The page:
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Can Southern Colorado roads keep up with our rapid population growth?

Posted at 2:17 PM, May 03, 2019
and last updated 2019-05-06 14:06:20-04

COLORADO SPRINGS – Can Southern Colorado roads keep up with our rapid population growth? It’s a simple question with a complicated answer.

As part of our month-long “State of Growth” series we’re looking at challenges facing critical infrastructure as more and more people move to our region.

It’s no secret we’ve got traffic troubles in the Pikes Peak region. Sitting among thousands of cars on I-25, Powers Boulevard, Academy Boulevard, or Woodmen Road can drive a sane person crazy.

With more people moving in, nearly 14,000 into El Paso County in the past year, transportation leaders say they’re planning and ready. Now it’s all a matter of money as the Pikes Peak region is projected to see an additional 50% in growth by 2040.

Rush-hour traffic is a near certainty each morning and night along I-25 through the heart of the city, and it’s getting worse. Over the past decade-plus, CDOT and the City of Colorado Springs have rebuilt key interchanges (I-25/Cimarron St.; Fillmore St./I-25) to improve traffic flow and handle additional volume from both locals and tourists, but will it be enough?

“More and more traffic is using those areas as we become a greater place to live, as well as a great place to visit during tourist season,” says CDOT spokesperson Michelle Puelen.

At a cost of $150 million, the 12-mile Colorado Springs Metropolitan Interstate Expansion, or COSMIX Project, was handling 100,000 drivers per day when it was finished in 2007. Barely a decade later, that number is now as high as 128,000.

“Over the next couple of decades, we’re looking at about 1.5% growth annually in increase in population,” says Peter Wysocki, Colorado Springs Director of Planning and Development.

Puelen adds, “The COSMIX project was definitely built in anticipation of future growth. Additional lanes, if needed.”

Already well underway, the 18-mile I-25 Gap project from Monument to Castle Rock is also being built with wide shoulders in anticipation of expansion in the years to come. But it’s not just the interstate. The Colorado Springs’ eastern beltway, Powers Boulevard, gets more crowded every year as that part of the city is by far the fastest-growing.

New interchanges at Woodmen Rd., Brairgate Parkway and Union Blvd., and Old Ranch Rd. have already been built, but notably missing is the intersection of Powers Blvd. and Research Blvd., a known traffic nightmare spot.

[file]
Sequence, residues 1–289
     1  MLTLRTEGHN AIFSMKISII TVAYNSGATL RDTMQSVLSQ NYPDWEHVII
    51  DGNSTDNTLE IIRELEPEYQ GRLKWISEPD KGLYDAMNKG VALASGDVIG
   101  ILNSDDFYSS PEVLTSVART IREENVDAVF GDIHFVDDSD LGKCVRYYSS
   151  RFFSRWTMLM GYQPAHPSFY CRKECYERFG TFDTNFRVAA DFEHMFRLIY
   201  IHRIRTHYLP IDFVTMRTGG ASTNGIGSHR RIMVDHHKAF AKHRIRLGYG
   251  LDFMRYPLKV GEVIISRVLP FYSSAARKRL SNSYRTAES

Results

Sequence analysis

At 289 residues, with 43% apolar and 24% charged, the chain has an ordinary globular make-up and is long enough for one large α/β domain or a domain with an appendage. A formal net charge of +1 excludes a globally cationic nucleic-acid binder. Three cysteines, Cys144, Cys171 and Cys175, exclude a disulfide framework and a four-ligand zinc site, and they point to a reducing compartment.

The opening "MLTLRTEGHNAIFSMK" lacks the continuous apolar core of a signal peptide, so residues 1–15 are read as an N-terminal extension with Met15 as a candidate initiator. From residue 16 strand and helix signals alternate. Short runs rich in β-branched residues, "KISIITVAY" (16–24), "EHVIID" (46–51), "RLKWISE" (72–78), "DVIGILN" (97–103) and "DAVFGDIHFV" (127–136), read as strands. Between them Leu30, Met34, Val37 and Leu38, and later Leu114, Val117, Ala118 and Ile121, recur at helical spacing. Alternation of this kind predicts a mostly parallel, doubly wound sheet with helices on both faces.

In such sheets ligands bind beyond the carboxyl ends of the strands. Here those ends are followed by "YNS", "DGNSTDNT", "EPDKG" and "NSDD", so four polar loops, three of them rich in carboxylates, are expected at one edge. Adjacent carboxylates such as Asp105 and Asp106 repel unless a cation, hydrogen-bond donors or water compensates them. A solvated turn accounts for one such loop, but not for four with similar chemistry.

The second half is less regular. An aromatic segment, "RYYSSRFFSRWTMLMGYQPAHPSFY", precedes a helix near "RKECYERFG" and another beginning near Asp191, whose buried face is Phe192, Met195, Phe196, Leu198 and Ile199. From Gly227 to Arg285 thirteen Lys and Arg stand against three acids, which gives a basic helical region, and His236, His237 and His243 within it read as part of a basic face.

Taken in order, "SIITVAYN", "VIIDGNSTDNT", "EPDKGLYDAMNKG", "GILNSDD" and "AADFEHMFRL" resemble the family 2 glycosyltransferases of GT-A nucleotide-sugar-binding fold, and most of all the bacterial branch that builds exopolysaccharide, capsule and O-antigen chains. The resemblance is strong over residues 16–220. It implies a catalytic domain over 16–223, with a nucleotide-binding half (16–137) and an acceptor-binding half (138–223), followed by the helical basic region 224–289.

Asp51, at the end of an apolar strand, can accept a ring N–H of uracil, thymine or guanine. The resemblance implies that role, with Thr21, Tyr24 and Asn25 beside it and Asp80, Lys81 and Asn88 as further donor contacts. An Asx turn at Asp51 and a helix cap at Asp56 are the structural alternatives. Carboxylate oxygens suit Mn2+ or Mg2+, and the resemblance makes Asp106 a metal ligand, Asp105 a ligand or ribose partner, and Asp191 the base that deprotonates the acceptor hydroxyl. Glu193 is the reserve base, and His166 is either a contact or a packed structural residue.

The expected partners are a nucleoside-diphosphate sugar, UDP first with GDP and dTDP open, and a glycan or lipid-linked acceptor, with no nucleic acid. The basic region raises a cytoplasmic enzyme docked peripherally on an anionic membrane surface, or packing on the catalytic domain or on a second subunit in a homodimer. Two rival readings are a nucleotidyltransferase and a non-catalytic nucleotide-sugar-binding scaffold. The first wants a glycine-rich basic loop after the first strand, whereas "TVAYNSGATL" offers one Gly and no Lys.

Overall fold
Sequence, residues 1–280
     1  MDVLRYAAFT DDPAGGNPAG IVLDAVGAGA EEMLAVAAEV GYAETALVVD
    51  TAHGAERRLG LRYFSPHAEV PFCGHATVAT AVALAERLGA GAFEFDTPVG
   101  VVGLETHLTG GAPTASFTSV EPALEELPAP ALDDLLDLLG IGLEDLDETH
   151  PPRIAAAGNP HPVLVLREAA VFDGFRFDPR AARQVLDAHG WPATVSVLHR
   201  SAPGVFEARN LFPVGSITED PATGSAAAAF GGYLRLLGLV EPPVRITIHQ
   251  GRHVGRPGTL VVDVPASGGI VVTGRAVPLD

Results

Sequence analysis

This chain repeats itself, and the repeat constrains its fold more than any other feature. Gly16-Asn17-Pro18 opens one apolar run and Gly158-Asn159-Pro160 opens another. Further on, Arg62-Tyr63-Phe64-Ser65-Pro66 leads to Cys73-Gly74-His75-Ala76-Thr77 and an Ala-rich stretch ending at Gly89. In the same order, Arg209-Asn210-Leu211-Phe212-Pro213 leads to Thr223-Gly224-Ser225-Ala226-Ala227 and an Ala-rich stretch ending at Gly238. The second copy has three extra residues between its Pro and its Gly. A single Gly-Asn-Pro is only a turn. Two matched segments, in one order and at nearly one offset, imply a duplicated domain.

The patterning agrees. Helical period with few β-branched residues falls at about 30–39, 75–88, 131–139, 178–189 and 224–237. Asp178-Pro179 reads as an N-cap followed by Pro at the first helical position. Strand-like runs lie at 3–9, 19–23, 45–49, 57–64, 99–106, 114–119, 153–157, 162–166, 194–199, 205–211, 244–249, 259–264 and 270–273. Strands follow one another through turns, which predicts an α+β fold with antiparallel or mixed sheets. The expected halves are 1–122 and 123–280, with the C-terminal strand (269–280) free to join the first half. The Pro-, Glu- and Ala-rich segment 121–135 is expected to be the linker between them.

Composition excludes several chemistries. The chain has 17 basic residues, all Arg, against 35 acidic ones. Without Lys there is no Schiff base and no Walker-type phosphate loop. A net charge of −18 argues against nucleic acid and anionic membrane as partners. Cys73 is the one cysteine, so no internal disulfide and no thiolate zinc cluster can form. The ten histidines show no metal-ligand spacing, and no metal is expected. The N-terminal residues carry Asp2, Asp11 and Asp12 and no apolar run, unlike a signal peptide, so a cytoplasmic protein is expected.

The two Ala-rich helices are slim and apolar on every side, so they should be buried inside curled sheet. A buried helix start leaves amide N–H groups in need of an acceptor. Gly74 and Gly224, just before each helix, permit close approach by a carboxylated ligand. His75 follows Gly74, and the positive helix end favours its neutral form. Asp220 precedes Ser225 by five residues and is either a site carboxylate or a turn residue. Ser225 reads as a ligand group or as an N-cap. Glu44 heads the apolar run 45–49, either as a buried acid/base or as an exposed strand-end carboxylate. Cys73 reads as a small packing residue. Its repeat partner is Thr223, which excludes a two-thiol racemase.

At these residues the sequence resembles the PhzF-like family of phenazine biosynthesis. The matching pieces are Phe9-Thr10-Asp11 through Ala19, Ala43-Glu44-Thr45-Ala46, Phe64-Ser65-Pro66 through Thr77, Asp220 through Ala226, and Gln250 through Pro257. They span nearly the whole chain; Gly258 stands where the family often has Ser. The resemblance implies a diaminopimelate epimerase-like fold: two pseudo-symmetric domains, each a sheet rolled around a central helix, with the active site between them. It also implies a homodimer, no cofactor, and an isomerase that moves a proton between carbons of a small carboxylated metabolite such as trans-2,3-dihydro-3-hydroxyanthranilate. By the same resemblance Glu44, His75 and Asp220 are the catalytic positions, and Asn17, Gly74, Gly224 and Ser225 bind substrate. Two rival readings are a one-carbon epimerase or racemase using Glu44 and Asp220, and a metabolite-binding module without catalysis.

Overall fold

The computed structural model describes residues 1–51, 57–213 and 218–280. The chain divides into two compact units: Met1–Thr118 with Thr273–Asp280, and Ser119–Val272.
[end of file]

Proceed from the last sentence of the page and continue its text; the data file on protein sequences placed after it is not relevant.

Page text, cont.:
“We’ve been working with CDOT very closely on the interchange design and what that should look like so that we can accommodate our east-west needs through that interchange,” says Todd Frisbie of the Colorado Springs Traffic Division.

“Right now, we have a project that’s being designed that would convert Powers and Research into a diverging-diamond interchange,” explains Puelen. The design would be similar to the one at I-25 and Filmore St.

As for the city itself, the focus is going high-tech and multi-modal. A network of bike lanes, although controversial as some say they create more traffic than they prevent, are meant to handle an influx of urban millennials, more and more who are opting not to even own a car.

“They want to be able to have opportunities for multi-modal transportation — bicycles or transit — so they don’t have to be car-dependent,” explains Wysocki.

“If we can connect our vehicles and they can operate and talk to each other on the network, you can theoretically provide more capacity on your roadways so that you can avoid having to expand your roadways,” says Frisbie.

Big plans. But how to pay for them? In Colorado Springs, voters have chosen repeatedly to dole out from their own pockets to help fund construction and repairs.

“That’s going to be a key piece moving forward in addressing our infrastructure needs is the continued generosity of our residents and providing their tax dollars to fund infrastructure improvements in this city,” says Frisbie.

Voters are not know to be generous with approving funds for CDOT. Two funding measures on last year’s statewide ballot were soundly rejected, putting the agency in a pickle for how to pay for the myriad of necessary projects.

“Realistically, we have to look at growth and how the budget has to flux with growth, and a lot of times we cant meet those congestion needs without additional funding,” says Puelen.

Both CDOT and the City of Colorado Springs plan to roll out comprehensive traffic surveys and studies soon.
CDOT says this year their budget is $2.1 billion, but the majority of that goes to maintenance of existing roads and bridges, not construction of new ones.


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